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By Lumistar's Chief Scientist

January 5, 2011

New Drone Can See ‘Everything’, Not One Fixed Target

Drone Gorgon Stare

By contrast to drones used today, using one camera only, the Air Force has announced that it will be deploying in Afghanistan a new weapon of airborne surveillance: ‘Gorgon Stare’. This new aircraft has nine cameras, including thermal imaging, and will be able to transmit up to 65 different images to up to 9 different users.  “With five electro-optical and four infrared cameras packed into each array, the system was designed to stitch a broad mosaic together, allowing several commanders on the ground to simultaneously grab slices of that bigger picture.”  The live video stream will transmit enemy movements for analysts to study or for soldiers to tap into immediately with a portable device the size of an ipad to track ground movements. Soldiers will know how a mission is going or when the optimal time to start a campaign of engagement – live.  Match the data with ‘boots on the ground’ in strategic places a new ground game is born “at the speed of war.”  Since the city is under constant surveillance and being recorded, analysts can go back to study who planted the latest IED, or if there is a pattern along a particular road.  As a bonus, because this small aircraft will be looking at an entire city at once, there will be no way for the adversary to know what the target is.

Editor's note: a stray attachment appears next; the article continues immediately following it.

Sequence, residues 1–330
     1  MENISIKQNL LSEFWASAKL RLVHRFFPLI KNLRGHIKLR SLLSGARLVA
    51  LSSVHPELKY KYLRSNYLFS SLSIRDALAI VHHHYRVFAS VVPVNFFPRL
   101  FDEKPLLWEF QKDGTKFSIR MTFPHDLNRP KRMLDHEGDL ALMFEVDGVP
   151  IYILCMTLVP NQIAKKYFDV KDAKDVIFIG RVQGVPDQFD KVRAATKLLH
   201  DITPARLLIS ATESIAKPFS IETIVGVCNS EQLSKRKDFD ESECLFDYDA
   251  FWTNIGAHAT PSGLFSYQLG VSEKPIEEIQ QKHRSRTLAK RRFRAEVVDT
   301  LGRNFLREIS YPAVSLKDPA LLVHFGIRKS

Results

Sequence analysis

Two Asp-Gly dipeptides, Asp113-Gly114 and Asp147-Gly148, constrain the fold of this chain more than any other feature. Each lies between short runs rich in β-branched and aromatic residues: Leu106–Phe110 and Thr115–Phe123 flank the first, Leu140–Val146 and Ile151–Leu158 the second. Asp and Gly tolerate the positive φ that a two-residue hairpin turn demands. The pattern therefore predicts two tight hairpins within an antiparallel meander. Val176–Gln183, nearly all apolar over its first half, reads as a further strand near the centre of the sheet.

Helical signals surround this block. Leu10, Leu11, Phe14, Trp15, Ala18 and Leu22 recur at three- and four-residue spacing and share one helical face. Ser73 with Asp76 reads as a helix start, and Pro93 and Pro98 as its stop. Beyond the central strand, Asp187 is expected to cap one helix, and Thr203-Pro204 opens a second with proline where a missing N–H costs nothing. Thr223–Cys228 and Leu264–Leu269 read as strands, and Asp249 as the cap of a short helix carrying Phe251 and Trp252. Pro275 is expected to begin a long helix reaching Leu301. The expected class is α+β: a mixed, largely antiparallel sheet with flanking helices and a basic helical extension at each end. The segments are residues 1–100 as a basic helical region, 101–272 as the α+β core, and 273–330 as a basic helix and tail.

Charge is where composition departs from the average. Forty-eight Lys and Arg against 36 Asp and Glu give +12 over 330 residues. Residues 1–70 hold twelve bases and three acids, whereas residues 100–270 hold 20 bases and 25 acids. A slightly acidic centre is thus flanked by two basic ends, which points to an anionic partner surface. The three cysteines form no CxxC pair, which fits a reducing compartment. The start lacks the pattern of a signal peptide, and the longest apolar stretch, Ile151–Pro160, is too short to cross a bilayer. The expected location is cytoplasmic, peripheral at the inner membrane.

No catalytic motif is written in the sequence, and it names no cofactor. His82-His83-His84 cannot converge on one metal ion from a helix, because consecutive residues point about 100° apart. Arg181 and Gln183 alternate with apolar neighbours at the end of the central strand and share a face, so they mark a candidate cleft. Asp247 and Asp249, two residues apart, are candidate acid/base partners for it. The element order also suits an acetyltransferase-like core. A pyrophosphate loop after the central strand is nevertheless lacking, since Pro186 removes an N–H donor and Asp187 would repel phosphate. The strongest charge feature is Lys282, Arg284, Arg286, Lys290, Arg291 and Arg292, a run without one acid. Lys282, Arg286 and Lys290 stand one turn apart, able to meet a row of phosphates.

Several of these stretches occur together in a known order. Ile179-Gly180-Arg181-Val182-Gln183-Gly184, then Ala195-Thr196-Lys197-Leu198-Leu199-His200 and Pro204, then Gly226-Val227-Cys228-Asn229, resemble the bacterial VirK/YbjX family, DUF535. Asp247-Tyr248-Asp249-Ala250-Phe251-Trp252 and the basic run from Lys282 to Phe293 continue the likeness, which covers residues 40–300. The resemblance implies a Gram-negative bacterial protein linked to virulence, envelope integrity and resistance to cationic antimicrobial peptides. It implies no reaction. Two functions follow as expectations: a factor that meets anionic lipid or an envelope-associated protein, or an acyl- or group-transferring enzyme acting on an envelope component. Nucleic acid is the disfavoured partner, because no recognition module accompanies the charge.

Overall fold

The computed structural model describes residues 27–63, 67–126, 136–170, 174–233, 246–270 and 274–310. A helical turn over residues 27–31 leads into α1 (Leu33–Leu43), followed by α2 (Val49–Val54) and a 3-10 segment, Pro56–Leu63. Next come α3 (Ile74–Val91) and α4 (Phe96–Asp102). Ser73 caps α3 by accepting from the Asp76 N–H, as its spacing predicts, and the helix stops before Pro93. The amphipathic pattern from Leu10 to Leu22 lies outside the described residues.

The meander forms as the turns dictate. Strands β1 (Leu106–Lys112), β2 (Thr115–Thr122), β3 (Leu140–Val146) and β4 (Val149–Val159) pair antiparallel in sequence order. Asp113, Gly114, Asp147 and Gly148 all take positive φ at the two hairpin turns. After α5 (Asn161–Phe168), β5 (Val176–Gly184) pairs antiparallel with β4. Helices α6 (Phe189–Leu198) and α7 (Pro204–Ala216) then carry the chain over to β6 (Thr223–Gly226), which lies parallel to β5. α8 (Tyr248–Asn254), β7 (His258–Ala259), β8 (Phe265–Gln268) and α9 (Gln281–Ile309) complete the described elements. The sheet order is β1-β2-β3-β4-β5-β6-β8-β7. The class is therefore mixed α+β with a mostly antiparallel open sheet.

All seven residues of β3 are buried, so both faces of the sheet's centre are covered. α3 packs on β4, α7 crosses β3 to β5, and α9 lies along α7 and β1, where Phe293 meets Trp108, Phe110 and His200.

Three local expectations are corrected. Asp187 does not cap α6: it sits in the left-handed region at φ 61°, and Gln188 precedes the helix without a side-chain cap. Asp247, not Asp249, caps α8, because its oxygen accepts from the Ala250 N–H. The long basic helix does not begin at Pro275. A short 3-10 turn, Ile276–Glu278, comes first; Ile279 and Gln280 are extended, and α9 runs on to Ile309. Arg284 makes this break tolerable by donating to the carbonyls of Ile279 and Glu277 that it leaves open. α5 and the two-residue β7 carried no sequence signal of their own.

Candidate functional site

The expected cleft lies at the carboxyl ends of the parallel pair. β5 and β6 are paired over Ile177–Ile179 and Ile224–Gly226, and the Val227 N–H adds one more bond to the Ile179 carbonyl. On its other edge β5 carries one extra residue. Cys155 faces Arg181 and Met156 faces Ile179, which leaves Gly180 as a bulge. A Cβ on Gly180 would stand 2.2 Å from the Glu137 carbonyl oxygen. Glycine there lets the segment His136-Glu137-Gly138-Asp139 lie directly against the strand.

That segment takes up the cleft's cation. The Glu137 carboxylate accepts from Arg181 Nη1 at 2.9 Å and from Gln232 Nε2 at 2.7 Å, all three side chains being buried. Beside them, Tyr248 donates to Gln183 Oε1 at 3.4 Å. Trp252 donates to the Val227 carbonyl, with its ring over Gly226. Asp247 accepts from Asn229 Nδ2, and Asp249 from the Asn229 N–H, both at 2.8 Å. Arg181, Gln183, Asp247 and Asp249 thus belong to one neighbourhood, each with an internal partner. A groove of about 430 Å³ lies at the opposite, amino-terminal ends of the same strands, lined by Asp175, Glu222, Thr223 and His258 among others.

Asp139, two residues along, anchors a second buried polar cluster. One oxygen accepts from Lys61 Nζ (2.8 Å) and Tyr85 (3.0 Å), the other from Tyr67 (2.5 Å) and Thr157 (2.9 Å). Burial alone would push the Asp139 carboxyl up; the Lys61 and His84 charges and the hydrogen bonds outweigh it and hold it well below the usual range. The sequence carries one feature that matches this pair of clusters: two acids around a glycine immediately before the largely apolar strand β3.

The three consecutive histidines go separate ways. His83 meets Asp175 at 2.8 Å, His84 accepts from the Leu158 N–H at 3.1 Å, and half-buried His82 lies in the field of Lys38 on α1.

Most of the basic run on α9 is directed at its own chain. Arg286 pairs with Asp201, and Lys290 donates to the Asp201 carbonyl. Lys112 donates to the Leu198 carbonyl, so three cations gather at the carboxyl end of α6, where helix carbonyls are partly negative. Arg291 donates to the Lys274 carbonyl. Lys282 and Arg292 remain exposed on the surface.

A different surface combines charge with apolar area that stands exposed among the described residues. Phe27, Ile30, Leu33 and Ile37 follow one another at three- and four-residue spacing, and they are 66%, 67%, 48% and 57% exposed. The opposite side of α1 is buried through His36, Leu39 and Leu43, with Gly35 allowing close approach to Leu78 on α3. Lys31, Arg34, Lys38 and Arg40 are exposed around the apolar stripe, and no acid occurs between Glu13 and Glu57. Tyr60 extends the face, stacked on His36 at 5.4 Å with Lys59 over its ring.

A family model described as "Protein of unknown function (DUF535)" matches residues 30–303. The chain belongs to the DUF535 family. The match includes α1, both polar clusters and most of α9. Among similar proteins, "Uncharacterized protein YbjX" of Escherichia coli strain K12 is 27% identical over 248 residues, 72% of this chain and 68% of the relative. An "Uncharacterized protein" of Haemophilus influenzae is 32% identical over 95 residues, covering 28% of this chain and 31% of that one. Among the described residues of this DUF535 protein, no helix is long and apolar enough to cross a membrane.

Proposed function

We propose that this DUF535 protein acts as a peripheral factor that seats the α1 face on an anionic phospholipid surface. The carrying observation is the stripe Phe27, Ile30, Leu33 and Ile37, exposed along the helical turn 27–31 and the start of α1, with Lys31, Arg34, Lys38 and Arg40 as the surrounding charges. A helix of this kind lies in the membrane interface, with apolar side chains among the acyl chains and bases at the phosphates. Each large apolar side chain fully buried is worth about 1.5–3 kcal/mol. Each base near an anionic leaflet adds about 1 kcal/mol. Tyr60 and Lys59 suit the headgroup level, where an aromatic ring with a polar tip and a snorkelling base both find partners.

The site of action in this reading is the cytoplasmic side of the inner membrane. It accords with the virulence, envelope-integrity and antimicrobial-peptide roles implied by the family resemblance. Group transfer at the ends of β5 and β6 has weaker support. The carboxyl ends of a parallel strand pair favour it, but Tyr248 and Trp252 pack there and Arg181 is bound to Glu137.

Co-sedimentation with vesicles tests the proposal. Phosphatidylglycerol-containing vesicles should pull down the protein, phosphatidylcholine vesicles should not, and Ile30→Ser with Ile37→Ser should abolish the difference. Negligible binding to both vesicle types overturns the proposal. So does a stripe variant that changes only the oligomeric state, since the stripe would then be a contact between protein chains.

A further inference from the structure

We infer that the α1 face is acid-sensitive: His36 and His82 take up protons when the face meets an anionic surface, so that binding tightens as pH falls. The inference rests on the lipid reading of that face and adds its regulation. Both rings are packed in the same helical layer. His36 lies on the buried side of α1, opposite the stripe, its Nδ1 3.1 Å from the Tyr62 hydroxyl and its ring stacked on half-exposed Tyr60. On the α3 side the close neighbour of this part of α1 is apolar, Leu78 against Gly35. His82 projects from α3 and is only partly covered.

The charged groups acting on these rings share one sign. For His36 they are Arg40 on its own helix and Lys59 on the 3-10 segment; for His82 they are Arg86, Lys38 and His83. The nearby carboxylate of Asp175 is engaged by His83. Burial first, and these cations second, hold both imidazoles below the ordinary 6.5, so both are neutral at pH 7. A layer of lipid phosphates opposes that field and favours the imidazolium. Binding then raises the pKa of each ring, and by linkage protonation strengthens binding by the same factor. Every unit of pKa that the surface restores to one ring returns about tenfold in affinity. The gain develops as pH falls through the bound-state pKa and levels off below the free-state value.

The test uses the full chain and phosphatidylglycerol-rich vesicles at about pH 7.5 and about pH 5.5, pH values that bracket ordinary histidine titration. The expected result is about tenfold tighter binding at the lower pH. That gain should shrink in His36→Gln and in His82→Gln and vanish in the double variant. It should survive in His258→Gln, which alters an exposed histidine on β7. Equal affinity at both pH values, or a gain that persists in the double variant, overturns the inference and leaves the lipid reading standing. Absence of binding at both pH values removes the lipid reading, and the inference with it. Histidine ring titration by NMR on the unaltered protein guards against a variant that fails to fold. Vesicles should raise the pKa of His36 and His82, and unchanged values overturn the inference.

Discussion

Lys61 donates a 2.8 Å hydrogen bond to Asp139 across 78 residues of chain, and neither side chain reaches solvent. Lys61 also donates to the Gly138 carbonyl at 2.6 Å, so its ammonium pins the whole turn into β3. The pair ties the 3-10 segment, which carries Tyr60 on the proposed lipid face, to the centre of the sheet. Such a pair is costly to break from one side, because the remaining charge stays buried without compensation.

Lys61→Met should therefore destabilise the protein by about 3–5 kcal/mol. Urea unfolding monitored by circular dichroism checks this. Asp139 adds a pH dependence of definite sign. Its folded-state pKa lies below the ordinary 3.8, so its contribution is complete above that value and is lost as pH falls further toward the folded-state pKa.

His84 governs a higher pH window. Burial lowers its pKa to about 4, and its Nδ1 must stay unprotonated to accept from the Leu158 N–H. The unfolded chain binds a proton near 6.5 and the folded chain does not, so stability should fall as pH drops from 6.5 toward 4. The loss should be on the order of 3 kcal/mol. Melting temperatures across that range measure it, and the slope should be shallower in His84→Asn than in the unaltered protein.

The Air Force is looking to mount wide-area surveillance cameras on airships that can stay aloft for up to two weeks. Each $17.5 million plane weighs 1,100 pounds, and because of its configuration will not be mounted with weapons.  They also envision it having civilian applications, including securing borders and aiding in natural disasters.

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